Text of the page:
At the Funeral Consumers Alliance (FCA) biennial meeting, I met Gail Margush, who arranged the funeral and burial for her husband Tim without the involvement of a funeral home. Her 14-year old daughter Kayla did a very thorough documentation of the process as a project for a speech class.
You can learn a lot about home funerals through her video, shared below.
Tim Margush had small cell cancer in the prostate. After cancer treatments ceased to provide any improvement, he opted to live out the rest of his life at home on hospice care. He died with his family around him at home on March 9, 2011 at the age of 57.
The family decided to bury him without the use of a funeral home. Gail Margush did research about what paperwork was involved to get a burial permit, cemetery plots, excavators, vaults and pine boxes. She also collected information on cremation and body donation. The family decided on a graveside burial service followed by a memorial service.
Daughter Anna was to have a wedding, which was moved up so that Dad could see her in her wedding dress while he was still alive. Family and friends painted his plain pine casket, decorating with various images that had meaning for each person and represented Tim.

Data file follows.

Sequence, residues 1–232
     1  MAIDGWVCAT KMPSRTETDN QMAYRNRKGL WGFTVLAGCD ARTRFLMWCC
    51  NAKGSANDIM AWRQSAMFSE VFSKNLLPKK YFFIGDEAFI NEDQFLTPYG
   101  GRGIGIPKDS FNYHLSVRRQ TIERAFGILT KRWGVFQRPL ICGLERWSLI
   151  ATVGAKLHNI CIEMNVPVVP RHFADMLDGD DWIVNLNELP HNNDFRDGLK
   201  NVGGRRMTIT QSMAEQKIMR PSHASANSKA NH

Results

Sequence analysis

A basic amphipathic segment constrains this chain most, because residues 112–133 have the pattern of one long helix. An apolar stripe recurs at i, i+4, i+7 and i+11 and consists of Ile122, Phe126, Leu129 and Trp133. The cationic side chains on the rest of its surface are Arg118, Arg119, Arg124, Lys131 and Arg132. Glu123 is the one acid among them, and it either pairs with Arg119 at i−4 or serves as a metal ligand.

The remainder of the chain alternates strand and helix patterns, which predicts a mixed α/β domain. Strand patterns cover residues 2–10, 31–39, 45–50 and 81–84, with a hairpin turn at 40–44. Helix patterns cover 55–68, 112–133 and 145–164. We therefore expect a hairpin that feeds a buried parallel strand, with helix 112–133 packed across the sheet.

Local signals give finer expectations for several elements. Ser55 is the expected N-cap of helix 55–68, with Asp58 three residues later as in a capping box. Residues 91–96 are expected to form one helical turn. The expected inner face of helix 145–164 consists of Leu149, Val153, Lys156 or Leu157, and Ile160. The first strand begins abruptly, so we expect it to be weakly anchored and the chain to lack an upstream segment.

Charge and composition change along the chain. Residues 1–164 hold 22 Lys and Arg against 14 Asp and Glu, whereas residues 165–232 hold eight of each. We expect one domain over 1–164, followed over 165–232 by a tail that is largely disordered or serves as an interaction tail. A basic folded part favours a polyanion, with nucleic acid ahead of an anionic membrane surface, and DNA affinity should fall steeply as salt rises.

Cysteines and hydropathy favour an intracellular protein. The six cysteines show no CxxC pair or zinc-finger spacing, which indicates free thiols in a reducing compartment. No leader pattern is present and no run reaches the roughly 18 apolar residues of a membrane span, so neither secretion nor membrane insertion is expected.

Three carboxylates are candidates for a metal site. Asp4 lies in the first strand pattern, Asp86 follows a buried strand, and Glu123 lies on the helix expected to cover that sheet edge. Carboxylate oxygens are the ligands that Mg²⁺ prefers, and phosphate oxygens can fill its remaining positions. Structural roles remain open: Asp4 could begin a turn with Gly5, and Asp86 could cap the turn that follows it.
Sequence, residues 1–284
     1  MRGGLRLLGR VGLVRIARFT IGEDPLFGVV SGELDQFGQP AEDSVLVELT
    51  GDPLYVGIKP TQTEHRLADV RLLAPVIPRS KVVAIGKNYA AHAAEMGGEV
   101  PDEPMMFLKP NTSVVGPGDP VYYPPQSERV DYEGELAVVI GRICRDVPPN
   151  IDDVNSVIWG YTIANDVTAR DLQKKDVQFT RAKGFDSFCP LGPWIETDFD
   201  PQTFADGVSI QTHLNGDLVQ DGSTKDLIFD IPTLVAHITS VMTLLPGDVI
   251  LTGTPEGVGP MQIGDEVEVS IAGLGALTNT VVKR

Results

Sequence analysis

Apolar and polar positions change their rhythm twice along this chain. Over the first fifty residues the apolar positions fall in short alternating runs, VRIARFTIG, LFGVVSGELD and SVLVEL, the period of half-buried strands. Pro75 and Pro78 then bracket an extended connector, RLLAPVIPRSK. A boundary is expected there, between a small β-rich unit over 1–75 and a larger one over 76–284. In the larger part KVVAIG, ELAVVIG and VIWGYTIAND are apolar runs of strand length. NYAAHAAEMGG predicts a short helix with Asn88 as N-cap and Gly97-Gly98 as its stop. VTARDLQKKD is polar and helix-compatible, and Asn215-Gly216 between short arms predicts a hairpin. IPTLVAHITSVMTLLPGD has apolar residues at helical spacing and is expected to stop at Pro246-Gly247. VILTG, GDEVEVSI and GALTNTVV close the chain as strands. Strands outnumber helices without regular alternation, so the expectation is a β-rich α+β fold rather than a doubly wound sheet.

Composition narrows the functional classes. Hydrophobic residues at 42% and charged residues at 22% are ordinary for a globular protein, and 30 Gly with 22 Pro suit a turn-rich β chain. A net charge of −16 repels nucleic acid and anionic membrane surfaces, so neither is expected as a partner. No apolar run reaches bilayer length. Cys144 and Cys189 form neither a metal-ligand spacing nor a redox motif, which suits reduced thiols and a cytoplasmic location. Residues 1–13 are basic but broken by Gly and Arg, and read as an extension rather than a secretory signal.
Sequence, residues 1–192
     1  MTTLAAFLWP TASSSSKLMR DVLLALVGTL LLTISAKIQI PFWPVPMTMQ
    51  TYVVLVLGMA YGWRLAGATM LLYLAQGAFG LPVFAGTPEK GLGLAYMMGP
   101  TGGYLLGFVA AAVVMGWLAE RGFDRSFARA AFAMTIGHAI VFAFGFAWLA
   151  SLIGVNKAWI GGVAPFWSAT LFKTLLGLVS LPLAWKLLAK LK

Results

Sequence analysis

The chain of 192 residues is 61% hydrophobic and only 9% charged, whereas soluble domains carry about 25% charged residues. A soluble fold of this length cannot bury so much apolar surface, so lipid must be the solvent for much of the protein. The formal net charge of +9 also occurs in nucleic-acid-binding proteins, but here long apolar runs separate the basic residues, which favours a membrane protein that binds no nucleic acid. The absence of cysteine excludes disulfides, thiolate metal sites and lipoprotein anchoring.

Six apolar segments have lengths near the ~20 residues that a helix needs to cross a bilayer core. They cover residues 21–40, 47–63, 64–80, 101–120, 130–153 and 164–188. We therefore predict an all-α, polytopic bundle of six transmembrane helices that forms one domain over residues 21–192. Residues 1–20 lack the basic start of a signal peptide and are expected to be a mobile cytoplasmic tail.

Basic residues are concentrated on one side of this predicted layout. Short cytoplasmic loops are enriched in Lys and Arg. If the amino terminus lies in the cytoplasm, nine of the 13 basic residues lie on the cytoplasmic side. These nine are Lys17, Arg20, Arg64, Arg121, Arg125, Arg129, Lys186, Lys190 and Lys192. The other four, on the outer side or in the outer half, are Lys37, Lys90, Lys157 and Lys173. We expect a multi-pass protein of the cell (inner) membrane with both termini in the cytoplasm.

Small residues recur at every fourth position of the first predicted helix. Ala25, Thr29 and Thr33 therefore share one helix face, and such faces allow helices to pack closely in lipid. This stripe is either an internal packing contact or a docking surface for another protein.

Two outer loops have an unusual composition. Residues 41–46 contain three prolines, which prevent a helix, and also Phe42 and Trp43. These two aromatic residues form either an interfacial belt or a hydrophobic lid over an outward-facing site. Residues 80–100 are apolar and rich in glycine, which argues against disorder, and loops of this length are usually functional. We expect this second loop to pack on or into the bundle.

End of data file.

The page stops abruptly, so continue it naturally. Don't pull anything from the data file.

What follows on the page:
After Tim Margush died, the family placed his body in the pine box, drove it to the cemetery and had a private graveside service. A few days later, they held a memorial service and had several open house sessions where friends visited the family home.
“Although this was a very sad time, instead of dwelling on my Dad’s death, we remembered his life,” Kayla said. “We recalled all the great times we had together. We thought about all the things he did. We told stories about silly things that happened to us. There was a lot of laughter and joy, and I think that’s how Dad would have wanted it.”
The activity of creating a home funeral can provide great healing to grieving families. My thanks to the Margush family for sharing their story.